Are these groups serving the companies or the workers? Since these organizations get their funding and cooperation from corporations, they have an incentive to see things from the corporation's side. They are not going to encourage workers to ask for wage increases, take on lobbyist actions to improve worker conditions, and so on. In effect, they act as a hiring department of the corporations.
As the chancellor of Foothill-De Anza College puts it, the companies request certain skills, the college creates workers with those skills, the companies consume them, throw them out, and request new workers with new skills. It takes six months to two years go bring a student through the pipeline until she has a job, but her job may not last as long as her training. The problem isn't the length of the pipeline; maybe the problem is that the companies are consuming workers too fast.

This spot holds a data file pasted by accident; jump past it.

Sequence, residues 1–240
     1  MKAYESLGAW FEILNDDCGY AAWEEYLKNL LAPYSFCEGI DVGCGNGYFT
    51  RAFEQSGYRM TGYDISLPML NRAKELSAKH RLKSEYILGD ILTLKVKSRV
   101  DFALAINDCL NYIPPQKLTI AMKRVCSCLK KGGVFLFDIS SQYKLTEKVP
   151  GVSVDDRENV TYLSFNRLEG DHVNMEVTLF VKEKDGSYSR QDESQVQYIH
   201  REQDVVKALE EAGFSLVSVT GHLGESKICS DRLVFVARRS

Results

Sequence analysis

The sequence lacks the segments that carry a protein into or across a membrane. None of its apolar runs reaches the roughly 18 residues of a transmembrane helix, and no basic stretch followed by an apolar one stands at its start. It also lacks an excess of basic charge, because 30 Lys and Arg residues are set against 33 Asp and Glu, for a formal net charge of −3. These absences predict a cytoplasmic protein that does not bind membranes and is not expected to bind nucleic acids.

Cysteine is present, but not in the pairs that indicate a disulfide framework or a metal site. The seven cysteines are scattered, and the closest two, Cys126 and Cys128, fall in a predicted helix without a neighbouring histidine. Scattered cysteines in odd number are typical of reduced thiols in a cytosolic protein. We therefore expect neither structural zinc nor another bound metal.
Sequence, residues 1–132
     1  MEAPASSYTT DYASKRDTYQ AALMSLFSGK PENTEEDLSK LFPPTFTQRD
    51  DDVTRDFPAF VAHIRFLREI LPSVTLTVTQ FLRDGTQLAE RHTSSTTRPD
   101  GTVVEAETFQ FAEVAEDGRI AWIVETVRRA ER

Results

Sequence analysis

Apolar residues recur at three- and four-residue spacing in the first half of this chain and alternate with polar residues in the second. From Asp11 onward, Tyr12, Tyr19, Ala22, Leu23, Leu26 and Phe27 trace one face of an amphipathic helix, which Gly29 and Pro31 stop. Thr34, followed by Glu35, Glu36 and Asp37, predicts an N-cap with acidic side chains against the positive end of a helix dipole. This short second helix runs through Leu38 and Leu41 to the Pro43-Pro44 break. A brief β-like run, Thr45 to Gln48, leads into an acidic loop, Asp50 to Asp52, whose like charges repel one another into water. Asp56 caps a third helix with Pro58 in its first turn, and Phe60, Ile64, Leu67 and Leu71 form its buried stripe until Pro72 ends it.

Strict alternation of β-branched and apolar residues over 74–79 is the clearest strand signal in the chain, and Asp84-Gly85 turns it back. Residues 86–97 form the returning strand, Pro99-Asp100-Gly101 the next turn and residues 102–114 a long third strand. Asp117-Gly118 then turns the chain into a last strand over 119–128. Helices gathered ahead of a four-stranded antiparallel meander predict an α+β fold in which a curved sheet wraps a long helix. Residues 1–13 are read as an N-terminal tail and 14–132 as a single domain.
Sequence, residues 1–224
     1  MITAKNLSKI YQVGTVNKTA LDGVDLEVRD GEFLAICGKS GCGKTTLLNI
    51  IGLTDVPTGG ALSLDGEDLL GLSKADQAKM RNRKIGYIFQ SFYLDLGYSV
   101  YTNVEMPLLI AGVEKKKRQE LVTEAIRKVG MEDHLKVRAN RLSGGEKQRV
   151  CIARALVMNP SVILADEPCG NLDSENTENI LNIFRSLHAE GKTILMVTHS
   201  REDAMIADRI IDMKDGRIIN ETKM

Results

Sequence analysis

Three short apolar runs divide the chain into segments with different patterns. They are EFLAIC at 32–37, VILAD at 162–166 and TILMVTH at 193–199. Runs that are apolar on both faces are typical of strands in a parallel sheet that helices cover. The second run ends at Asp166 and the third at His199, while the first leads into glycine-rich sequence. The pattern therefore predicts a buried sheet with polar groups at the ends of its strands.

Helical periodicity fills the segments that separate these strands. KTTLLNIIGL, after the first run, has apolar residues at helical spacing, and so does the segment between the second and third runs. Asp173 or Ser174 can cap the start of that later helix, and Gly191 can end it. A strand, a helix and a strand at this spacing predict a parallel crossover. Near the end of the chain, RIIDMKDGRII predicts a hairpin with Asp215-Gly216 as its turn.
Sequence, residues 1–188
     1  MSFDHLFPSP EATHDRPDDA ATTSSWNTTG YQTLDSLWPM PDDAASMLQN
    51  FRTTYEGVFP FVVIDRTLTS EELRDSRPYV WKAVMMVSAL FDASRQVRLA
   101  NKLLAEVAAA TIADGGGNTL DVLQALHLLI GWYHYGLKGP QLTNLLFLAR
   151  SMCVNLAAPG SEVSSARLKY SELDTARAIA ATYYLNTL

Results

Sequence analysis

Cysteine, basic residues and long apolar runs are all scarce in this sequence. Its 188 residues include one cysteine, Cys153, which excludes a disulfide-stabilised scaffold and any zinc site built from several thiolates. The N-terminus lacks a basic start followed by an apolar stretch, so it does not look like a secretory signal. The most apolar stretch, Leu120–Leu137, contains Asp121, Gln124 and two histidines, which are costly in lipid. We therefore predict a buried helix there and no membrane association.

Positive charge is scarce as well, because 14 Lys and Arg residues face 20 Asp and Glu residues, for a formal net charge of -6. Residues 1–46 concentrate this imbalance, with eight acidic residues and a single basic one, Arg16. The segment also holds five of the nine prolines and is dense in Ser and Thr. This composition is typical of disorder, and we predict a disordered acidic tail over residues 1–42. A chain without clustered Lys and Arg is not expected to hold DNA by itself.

Here are some interesting items from Benner's book.
There are widespread ideas that SV is based on a meritocracy of skills, racial equality in the computer industry, technology workers are highly rewarded, and increased productivity leads to higher wages. Anyone, regardless of race or sex, can do well in SV if they work hard. Here are some facts.
The book is recommended if you are interested in economics, globalization, the SV recruiting industry, or the nature of the SV job market.